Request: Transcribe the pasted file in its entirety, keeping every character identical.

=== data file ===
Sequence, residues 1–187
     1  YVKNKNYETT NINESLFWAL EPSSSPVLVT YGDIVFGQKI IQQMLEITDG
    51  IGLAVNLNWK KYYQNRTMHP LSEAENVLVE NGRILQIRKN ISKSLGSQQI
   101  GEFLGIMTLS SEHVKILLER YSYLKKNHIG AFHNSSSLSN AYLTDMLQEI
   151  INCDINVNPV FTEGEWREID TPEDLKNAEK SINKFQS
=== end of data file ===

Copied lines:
Sequence, residues 1–187
     1  YVKNKNYETT NINESLFWAL EPSSSPVLVT YGDIVFGQKI IQQMLEITDG
    51  IGLAVNLNWK KYYQNRTMHP LSEAENVLVE NGRILQIRKN ISKSLGSQQI
   101  GEFLGIMTLS SEHVKILLER YSYLKKNHIG AFHNSSSLSN AYLTDMLQEI
   151  INCDINVNPV FTEGEWREID TPEDLKNAEK SINKFQS